The second deadly enemy of the elk is humans, on the one hand through hunting and on the other hand through car traffic. When the animals become active at dusk and cross roads in the process, thousands of accidents, some of them serious, occur every year in Sweden alone. Most of the time, the moose appear very suddenly and are difficult to see at dusk due to their fur color.

The government is trying to cope with the problem with warning signs and wild fences. Rule of thumb: if an elk suddenly crosses the street, caution is advised, because another often follows, for example when mother and calf are on their way. It is also highly recommended that you pay attention to the moose warning signs, which, to the chagrin of the Swedes, are a popular collector's item among tourists.

Face to face with the moose

Anyone traveling to Sweden should definitely see moose, but don't expect to see you right away. Moose are shy animals that tend to run away at the sight of people. During the rutting season, however, the moose can become extremely aggressive. The same applies to elk cows who want to protect their calves. Anyone who goes in search of elk in the wild or who happens to come across an elk should therefore be careful and keep a proper distance.

For those who prefer it safe and want a moose guarantee, we recommend a visit to one of Sweden's many moose parks. Guided tours are offered in the parks, and in some it is also possible to scratch a moose.

Reindeer

Reindeer are extremely sociable. In contrast to their big relatives, the elks, they live in huge herds in the fell, the high mountains and plateaus above the tree line. In this cool and barren habitat the reindeer find their food - grasses, lichens, mushrooms, leaves and bark. They cover several thousand kilometers in search of food and on the way from their summer to winter pastures, whereby the good swimmers can also cross rivers and even inlets.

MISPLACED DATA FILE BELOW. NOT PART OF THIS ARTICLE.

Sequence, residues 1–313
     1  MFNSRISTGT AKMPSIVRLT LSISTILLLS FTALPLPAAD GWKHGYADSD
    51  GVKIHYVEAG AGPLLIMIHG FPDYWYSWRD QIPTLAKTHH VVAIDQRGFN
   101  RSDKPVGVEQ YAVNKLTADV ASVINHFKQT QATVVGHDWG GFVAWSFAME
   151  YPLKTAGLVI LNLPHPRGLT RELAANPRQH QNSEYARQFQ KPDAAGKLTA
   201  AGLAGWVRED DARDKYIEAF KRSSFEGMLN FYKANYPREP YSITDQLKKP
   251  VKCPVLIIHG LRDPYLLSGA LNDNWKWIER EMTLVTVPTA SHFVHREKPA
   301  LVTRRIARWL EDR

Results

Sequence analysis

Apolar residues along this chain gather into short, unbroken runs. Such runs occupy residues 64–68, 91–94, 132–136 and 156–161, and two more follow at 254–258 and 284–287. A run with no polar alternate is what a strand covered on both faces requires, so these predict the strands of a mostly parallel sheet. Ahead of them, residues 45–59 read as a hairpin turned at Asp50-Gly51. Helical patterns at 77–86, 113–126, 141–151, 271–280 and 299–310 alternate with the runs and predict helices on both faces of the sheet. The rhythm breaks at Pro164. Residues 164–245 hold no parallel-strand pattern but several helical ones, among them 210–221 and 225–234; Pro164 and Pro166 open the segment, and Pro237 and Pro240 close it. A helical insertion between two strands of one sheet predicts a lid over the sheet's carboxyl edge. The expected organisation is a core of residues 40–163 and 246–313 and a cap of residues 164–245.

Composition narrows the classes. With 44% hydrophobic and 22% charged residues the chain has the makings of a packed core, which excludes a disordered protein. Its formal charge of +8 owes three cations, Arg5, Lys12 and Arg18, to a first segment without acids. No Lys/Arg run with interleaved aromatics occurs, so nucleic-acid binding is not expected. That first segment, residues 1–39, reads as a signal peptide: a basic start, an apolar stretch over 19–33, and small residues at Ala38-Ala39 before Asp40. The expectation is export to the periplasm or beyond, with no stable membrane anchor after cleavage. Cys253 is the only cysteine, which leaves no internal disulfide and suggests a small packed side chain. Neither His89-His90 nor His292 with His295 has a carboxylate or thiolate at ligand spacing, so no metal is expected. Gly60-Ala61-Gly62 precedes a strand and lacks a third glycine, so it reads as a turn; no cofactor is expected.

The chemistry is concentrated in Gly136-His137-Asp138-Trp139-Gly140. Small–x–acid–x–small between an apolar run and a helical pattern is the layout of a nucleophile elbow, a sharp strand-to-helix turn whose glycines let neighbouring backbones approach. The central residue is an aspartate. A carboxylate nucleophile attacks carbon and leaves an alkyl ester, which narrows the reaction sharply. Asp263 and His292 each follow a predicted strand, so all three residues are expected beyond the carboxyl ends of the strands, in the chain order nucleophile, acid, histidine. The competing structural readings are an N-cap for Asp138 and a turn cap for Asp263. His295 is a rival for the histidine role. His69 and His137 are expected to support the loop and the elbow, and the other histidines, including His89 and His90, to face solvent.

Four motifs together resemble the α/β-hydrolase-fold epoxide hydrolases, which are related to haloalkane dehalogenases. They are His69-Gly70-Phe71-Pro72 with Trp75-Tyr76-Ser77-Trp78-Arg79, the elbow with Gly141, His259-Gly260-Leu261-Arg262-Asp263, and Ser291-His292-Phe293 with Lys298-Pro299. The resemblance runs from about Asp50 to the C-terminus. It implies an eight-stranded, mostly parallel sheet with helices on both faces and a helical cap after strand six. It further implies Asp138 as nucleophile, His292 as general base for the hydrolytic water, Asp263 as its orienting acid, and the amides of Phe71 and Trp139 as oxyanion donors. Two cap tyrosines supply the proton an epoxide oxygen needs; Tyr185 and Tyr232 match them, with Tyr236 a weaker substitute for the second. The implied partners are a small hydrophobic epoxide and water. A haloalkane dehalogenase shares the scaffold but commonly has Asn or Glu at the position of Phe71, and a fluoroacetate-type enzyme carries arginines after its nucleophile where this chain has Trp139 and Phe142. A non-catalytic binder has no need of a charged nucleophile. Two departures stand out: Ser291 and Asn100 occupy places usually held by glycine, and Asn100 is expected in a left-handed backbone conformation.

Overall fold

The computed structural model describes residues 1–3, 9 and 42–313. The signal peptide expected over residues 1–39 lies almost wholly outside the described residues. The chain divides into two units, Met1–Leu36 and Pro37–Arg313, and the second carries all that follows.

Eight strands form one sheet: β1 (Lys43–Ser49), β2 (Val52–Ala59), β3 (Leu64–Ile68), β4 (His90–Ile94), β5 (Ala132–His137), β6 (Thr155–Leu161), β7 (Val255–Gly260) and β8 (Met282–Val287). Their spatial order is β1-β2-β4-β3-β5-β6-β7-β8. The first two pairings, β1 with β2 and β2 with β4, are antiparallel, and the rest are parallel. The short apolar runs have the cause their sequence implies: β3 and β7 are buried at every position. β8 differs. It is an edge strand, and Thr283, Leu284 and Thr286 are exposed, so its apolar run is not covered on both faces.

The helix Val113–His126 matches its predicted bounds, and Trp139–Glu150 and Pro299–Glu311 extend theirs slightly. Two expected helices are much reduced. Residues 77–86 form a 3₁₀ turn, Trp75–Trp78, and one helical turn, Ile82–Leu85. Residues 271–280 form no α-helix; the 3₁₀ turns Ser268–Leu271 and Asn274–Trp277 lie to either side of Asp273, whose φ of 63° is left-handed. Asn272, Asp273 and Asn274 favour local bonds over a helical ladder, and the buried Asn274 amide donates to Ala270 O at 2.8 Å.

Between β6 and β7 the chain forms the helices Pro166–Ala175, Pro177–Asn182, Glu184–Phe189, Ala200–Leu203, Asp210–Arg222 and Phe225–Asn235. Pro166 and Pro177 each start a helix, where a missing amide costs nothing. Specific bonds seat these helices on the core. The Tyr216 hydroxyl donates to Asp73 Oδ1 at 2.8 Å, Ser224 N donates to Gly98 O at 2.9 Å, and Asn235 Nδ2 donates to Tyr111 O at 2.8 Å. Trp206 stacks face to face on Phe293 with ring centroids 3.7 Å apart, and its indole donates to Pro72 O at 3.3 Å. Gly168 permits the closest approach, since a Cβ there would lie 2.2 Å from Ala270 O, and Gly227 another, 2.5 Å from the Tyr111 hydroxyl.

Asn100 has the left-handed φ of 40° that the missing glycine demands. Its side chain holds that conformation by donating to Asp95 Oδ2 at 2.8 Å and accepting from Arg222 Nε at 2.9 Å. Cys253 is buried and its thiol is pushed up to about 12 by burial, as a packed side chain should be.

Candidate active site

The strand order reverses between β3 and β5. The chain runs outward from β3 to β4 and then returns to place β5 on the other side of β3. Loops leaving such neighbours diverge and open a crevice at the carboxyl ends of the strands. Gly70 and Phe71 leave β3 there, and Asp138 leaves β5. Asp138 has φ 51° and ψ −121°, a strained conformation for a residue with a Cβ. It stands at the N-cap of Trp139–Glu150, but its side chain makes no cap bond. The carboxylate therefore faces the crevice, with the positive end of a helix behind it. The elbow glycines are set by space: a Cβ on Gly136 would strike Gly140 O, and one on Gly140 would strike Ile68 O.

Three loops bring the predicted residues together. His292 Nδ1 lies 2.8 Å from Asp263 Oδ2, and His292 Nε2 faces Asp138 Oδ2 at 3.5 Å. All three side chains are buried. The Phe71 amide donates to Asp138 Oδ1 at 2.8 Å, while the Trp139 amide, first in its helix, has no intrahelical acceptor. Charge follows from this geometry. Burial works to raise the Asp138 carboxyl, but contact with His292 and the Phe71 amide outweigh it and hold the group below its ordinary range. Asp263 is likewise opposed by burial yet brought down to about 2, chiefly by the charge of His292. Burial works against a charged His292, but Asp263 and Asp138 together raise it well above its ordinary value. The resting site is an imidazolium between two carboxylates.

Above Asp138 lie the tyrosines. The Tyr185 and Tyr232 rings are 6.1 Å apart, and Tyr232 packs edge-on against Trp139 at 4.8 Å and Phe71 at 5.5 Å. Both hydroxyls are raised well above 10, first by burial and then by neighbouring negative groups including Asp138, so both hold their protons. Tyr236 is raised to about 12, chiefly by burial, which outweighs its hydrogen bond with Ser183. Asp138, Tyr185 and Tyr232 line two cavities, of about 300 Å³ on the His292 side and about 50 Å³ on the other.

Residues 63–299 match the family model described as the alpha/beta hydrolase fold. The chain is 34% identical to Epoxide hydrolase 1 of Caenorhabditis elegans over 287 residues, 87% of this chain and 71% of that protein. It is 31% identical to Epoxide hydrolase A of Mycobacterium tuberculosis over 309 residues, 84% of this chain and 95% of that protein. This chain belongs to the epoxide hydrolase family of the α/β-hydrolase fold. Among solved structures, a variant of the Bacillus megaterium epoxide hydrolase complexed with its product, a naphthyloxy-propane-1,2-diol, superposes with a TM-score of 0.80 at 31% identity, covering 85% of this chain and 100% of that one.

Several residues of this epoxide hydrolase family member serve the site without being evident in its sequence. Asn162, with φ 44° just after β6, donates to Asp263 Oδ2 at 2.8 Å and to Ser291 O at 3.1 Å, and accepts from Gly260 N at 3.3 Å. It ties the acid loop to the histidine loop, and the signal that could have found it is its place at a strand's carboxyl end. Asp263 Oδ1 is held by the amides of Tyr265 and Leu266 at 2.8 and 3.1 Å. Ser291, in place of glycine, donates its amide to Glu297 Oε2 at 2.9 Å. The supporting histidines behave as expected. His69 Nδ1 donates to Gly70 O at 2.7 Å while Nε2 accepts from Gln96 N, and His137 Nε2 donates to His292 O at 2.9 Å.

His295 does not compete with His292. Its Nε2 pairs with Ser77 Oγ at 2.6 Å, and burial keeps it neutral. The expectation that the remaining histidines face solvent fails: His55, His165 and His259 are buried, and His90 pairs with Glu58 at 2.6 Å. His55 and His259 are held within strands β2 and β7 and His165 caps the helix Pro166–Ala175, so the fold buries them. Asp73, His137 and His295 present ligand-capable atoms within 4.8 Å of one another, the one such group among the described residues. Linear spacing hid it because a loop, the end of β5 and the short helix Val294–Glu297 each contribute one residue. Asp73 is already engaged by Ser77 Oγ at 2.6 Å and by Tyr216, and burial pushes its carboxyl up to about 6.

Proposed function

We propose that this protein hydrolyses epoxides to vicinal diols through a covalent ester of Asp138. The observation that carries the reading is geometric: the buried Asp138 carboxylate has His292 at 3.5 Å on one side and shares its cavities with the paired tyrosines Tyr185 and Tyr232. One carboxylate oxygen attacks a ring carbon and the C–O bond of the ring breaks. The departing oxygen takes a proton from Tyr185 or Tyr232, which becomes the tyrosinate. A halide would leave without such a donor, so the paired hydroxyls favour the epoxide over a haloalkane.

There are only a few real wild reindeer in Scandinavia: the huge herds of reindeer that cross the country are mostly domesticated animals, many of which are traditionally kept by the Sami people. The domesticated animals still roam freely in large herds - people follow their rhythm and their routes.

Today, however, the Sami also use modern aids for their herds' extensive migrations: They follow the reindeer with snowmobiles, and for the annual count the animals are also herded together by helicopter.

The reindeer as an economic factor

Humans have been using reindeer for thousands of years. To date, these animals are the only domesticated deer species. Reindeer products are mainly milk, fur and lean meat, which are reasonably priced.

Around a third of the animals are shot for this purpose every year. However, the reindeer are not endangered: the herd strength is maintained through the breeding. Worldwide there are still an estimated three million animals in the subpolar zones in Europe, America and Asia.

SWR | Status: January 8th, 2020, 9:26 am